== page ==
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Influence of different maturity stages and treatments of ethephon, exogenous ABA, and fluridone on the ripening and hormone level of ‘Zhonghuashoutao’ peach during development and post-harvest storage were investigated. The accumulation of endogenous ABA appeared at the onset of ripening and peaked at two weeks before harvest. Fruit firmness decreased, while ethylene release and SSC/TA increased sharply after a maximum peak of ABA, which have triggered the initiation of the fruit ripening. The fruits, harvested at 170 d when fruits have ripened and stored at 20 °C, showed an ethylene climacteric peak, and the pulp started softening normally, and the SSC/TA value increased. Compared with them, the immature green fruits harvested at other dates, could not mature normally due to the lack of normal reciprocity between ABA and ethylene. The ethylene release was promoted by the treatment of exogenous ABA and ethephon during ripening until the endogenous ABA reached a maximum value. However, fluridone treatment showed an inhibitory effect. The above-mentioned changes occurred again in the peach fruits after harvest. The results indicated that both ABA and ethylene play important roles in peach ripening, and their action depended on the ripening stage of peach.

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Acta Alimentaria
Authors: E. Horvath-Szanics, J. Perjéssy, A. Klupács, K. Takács, A. Nagy, E. Koppány-Szabó, F. Hegyi, E. Németh-Szerdahelyi, M.Y. Du, Z.R. Wang, J.Q. Kan, and Zs. Zalán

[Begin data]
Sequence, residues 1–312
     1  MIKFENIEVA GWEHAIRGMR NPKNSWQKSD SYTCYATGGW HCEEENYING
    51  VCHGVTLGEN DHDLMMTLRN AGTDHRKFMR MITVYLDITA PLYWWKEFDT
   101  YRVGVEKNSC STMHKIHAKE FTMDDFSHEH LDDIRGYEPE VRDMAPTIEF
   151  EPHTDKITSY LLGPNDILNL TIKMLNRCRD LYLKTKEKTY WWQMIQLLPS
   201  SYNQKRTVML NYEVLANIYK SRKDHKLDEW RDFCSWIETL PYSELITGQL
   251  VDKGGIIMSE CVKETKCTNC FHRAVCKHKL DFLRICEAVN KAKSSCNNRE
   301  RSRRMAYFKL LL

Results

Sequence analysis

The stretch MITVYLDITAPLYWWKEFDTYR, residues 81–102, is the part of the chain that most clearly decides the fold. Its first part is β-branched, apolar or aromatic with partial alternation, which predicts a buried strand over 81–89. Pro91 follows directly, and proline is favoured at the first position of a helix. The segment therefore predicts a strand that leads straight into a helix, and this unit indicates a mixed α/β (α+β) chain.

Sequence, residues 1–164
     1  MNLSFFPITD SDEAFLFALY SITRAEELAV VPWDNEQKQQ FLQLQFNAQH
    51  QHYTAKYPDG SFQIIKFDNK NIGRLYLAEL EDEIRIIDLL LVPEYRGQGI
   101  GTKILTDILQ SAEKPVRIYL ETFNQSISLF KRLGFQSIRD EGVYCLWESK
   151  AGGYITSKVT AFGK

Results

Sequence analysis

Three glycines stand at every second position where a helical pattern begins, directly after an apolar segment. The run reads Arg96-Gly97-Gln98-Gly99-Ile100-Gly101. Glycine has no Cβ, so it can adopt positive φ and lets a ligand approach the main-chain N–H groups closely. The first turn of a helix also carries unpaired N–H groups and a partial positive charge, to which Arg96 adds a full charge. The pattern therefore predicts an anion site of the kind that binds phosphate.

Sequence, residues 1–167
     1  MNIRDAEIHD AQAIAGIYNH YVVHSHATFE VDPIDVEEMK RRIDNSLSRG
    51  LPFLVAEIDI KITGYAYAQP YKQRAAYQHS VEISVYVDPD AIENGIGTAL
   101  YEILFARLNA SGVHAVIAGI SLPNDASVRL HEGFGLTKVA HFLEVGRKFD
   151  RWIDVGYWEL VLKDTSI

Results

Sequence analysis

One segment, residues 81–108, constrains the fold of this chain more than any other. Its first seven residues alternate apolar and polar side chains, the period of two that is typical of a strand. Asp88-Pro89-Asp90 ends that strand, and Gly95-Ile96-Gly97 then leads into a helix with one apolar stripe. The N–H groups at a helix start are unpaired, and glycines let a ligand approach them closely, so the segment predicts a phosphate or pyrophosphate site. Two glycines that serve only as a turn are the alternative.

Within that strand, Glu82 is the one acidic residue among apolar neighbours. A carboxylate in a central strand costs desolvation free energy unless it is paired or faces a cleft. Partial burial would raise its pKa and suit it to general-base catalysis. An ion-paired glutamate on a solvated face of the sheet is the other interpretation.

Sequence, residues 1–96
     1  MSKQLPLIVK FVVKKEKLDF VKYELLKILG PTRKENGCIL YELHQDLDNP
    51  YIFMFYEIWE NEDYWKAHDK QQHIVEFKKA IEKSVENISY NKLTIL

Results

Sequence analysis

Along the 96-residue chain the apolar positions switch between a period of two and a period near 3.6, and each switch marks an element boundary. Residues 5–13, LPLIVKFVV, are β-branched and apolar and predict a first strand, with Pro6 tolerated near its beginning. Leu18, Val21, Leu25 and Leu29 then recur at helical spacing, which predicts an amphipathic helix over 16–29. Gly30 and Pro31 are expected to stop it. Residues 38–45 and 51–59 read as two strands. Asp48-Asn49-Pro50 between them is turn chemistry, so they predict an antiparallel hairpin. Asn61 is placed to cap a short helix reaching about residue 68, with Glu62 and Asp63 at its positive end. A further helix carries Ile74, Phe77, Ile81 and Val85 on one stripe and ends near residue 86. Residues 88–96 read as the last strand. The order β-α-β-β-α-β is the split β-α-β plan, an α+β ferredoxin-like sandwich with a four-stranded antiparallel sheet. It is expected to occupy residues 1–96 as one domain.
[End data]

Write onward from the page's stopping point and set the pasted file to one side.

The increasing consumer demand for less processed and more natural food products – while improving those products’ quality, safety, and shelf-life – has raised the necessity of chemical preservative replacement. Biopreservation refers to extended storage life and enhanced safety of foods using the natural microflora and (or) their antibacterial products. Chitinolytic enzymes are of biotechnological interest, since their substrate, chitin, is a major structural component of the cell wall of fungi, which are the main cause of the spoilage of food and raw plant material. Among the several organisms, many bacteria produce chitinolytic enzymes, however, this behaviour is not general. The chitinase activity of the lactic acid bacteria is scarcely known and studied.

The aim of the present study was to select Lactobacillus strains that have genes encoding chitinase, furthermore, to detect expressed enzymes and to characterise their chitinase activity. Taking into consideration the importance of chitin-bindig proteins (CBPs) in the chitinase activity, CBPs were also examined. Five Lactobacillus strains out of 43 strains from 12 different species were selected by their chitinase coding gene. The presence of the chitinase and chitin-biding protein production were confirmed, however, no chitinolytic activity has been identified.

Open access